Check out this animated short with spoken word by Alan Watts. Animation by Chris Brion and Todd Benson, produced by Trey Parker and Matt Stone (of South Park fame - sure do love those guys!).

Here is the link to the video on YouTube

I came across this video when I was first learning about Sudbury model schools. My daughter, Tobin, was almost 5 years old and had not quite arrived at the kindergarten cut-off according to the city when she asked me, "Can I please go to school now, Mommy?"

I jumped (more like tentatively sqeaked) feet (no, big toes) first into searching for options for my not-quite-school-ager. I began to notice a protective feeling churning in my belly. As it began to bubble up, so did the petri dish of emotions and memories I had apparently repressed since I was in school. Fear, doubt, insecurity, pressure, boredom, judgments, comparisons, college, SAT's, No. 2 pencils, impossible standards, imposed morality, dress codes and permission slips.

Not for my little girl, I insisted.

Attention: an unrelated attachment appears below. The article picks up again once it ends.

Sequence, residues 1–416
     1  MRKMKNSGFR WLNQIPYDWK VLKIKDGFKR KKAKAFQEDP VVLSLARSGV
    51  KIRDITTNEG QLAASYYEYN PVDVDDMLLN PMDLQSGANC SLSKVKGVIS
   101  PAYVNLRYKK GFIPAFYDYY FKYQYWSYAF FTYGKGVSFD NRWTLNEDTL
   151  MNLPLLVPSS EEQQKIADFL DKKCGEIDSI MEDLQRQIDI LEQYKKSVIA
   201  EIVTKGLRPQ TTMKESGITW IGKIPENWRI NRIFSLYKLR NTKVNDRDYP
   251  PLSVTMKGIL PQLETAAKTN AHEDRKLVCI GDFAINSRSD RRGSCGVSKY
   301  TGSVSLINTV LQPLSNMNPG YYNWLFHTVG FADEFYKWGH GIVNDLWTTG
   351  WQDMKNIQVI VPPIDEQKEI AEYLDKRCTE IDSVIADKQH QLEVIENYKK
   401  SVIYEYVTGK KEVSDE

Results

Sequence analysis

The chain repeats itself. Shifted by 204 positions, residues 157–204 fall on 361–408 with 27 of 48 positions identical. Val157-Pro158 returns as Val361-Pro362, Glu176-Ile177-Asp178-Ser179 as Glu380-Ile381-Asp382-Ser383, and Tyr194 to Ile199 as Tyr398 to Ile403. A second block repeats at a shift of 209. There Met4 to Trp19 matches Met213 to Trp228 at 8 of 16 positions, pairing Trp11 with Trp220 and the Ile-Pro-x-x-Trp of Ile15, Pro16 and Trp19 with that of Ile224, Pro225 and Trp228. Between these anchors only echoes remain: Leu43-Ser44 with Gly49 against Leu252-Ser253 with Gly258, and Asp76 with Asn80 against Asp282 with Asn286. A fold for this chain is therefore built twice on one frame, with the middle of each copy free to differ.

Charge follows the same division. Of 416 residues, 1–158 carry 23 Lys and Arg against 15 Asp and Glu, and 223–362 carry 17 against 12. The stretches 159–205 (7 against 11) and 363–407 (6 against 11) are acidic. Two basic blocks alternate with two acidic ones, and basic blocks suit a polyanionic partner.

Then I saw this video which was posted on Katuah Sudbury School's website at the time. I felt for the first time since beginning my search for Tobin's school that I could breathe a little easier. They get it, I thought. The "let down," the "hoax," exactly as Alan Watts had described, was exactly what I instinctively wanted to protect my daughter from (Watch the video to see what I'm talking about).

I was put to even greater ease on the day of our interview. Tobin, usually shy and quite clingy, waltzed right in as if she had been there a dozen times before, and began playing with some students her age.

To this day, Tobin continues to ask me, "Can I please go to school now, Mommy?" and you wouldn't believe it, but actually protests when I arrive to pick her up at the end of a school day at Katuah Sudbury.

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Music and Life and Sudbury Schools

CARTOONARIFFIC!
















Check out this animated short with spoken word by Alan Watts. Animation by Chris Brion and Todd Benson, produced by Trey Parker and Matt Stone (of South Park fame - sure do love those guys!).